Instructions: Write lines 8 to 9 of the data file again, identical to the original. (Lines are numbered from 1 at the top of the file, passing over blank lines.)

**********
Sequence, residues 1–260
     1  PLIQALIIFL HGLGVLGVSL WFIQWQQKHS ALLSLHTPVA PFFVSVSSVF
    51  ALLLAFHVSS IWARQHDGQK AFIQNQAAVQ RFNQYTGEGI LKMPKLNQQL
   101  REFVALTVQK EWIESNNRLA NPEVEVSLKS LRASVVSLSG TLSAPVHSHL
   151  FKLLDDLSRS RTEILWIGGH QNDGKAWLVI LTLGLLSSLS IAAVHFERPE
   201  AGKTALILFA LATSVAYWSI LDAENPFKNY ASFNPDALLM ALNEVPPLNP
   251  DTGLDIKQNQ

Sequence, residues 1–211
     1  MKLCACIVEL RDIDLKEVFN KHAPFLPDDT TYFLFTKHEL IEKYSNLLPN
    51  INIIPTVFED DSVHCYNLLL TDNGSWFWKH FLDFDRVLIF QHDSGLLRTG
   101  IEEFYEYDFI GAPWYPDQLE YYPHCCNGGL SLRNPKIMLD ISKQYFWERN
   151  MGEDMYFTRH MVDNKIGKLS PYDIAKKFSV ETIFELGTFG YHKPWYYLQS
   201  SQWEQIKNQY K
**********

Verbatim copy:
Sequence, residues 1–211
     1  MKLCACIVEL RDIDLKEVFN KHAPFLPDDT TYFLFTKHEL IEKYSNLLPN